Nelson Piquet back in his racing days; photo published on The Drive (click on the photo to access the original article)

What is the problem?

First of all, Piquet used that word more than once, so it was not an isolated event. Secondly, he only used it to refer to Hamilton; as stated earlier, he referred to Senna, for example, using his name. This is related to the fact that “neguinho” does not have such a simple definition as Piquet said; it has been historically used to refer to black people. Conscious or not, that gesture qualifies as a form of racial microaggression.

Some people have rebuked that thought referring to Neguinho da Beija-Flor, a Brazilian artist. The issue is that the word is part of his stage name; he chose to use it. The fact that he does not feel offended is great, but individual. It definitely does not invalidate the struggle of everyone who faces aggressions like that or worse on a daily basis. It is a matter of putting yourself in those people’s shoes or, at least, try your best.

Lewis Hamilton on a photo credited to Clive Mason and published on Jalopnik (click the photo to open the original article)

Why was the apology irrelevant?

By labeling that definition “historical”, Piquet oversimplified things once again. The fact that societies have used a pejorative term for ages does not make it any less pejorative; things are as simple as that. It is said that language is a living thing for a reason; it is our duty to review and adjust it to every change of times. Especially when that effort regards making language accessible and respectful to everyone who speaks it.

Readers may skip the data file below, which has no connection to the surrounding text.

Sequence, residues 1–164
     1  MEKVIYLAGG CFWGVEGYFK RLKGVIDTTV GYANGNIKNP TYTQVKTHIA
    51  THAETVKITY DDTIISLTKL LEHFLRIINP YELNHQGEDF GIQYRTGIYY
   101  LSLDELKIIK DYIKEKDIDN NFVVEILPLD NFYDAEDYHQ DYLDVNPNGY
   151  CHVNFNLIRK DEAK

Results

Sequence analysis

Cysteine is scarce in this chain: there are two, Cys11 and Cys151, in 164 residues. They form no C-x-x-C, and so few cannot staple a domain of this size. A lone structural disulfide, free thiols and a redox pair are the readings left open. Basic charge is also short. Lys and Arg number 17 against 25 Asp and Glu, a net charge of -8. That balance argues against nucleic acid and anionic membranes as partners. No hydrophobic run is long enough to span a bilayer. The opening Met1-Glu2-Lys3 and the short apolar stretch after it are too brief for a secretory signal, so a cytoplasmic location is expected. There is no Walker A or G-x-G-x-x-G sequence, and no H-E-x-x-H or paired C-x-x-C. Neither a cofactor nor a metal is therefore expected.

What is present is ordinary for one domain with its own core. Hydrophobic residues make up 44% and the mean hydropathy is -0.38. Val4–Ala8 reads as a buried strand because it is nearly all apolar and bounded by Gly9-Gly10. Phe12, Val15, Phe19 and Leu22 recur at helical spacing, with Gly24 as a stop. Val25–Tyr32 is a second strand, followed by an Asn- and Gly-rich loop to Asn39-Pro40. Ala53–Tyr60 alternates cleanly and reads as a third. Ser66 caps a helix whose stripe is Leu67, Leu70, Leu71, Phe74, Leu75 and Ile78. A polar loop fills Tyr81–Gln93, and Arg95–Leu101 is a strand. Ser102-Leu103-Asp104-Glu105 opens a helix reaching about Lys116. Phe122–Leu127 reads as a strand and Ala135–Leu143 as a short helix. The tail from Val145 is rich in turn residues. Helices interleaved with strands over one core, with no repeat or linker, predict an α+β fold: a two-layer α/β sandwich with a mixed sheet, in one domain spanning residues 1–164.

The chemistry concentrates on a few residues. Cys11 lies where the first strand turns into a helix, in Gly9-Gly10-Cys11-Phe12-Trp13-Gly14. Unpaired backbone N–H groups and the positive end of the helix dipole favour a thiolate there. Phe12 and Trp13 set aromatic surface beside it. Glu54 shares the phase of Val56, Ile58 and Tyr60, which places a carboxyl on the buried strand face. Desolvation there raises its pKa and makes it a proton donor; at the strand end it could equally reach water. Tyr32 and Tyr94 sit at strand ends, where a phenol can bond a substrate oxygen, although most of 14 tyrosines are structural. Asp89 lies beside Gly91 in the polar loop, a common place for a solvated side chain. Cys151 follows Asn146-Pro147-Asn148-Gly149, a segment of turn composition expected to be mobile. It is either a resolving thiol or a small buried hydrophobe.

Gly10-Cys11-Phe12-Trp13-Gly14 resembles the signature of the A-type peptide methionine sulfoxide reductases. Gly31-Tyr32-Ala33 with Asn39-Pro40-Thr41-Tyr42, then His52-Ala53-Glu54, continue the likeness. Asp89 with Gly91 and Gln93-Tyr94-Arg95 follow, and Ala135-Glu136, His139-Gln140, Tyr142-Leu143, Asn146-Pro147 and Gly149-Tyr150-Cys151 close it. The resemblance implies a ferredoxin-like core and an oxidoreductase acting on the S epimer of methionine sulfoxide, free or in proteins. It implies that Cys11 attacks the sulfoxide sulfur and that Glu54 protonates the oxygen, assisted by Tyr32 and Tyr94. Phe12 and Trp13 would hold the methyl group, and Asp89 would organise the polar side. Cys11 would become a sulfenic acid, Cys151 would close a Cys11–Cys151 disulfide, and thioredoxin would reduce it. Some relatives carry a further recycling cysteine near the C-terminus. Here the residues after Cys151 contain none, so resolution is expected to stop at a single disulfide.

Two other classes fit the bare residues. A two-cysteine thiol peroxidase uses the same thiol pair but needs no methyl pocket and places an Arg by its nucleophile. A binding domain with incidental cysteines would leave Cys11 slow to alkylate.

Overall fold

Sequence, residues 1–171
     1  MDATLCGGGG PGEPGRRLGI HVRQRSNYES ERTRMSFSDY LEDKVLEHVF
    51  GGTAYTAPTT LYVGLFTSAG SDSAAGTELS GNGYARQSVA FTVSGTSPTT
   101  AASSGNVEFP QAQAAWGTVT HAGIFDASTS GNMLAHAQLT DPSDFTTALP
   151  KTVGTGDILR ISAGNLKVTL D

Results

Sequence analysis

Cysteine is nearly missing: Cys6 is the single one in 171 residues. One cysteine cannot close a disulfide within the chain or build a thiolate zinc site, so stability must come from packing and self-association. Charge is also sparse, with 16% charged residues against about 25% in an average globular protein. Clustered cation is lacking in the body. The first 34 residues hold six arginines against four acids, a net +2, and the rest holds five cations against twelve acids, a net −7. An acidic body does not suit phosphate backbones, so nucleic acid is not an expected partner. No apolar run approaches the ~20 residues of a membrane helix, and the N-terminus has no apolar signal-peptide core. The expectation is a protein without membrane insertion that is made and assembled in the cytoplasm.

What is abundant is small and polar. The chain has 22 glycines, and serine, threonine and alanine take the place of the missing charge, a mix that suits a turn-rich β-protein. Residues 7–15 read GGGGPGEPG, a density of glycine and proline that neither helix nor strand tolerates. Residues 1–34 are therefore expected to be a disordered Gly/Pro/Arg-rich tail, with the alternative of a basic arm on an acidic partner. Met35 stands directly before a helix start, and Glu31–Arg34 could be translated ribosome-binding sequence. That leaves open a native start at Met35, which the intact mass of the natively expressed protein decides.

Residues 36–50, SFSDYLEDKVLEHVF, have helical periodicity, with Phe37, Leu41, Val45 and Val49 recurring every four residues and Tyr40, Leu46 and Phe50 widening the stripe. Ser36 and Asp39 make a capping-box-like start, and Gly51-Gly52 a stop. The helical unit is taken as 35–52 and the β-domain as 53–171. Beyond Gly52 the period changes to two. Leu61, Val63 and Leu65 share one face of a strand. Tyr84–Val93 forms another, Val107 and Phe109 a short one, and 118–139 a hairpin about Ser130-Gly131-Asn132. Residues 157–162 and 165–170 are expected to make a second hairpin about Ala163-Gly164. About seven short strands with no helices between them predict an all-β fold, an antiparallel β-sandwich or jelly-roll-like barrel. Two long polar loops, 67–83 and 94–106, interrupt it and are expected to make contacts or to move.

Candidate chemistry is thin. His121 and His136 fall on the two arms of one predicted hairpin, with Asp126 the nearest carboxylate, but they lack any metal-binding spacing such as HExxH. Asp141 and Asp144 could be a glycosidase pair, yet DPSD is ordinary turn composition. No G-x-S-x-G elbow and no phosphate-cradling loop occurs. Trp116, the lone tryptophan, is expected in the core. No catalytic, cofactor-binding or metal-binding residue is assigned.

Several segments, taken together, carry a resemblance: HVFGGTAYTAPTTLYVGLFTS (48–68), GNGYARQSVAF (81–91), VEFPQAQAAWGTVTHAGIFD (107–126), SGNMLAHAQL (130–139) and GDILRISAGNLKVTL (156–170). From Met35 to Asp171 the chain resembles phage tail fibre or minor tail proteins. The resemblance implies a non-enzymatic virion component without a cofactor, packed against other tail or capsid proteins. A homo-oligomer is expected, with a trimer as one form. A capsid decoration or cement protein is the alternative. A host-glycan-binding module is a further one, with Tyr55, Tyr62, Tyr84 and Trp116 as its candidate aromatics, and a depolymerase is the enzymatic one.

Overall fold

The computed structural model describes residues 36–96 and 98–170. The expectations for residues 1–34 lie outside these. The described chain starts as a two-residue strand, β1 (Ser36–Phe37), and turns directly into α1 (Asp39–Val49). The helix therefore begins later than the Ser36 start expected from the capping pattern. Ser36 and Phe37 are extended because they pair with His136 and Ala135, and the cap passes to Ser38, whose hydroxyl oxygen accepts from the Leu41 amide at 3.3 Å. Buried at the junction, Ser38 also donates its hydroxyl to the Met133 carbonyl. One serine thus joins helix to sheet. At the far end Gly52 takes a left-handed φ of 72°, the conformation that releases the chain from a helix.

People like Piquet are the tiny portion of society which has been favored by pretty much all its unspoken rules. It is easy for them to neglect problems like racial microaggressions because they have never been a part of his life. It goes without saying, however, that none of that shall ever be considered an excuse; on the contrary, those people have to make an effort to, at the very least, truly acknowledge those problems.

Lewis Hamilton on a photo credited to Clive Mason and published on Jalopnik (click the photo to open the original article)

What should people do?

Let us start by what they should not do. Generic apologies are just no longer acceptable. Whether you are a public figure or represent a company, that is not a valid resource. Besides, do not try to deflect from the problem. If it distressed so many people, especially those who live in a different social context than yours, chances are they are onto something. Any attempts to minimize it are disgusting in an unparalleled level.

The best solution here is not letting the problem happen at all. The more we study about social injustice in all its forms, the more we learn how to stop it. Gestures as simple as reading the room go a long way. They imply understanding who we are and who the people around us are. That is valid to us as audience, like when we reacted to what Piquet said; and to even the smallest actions we do throughout our day.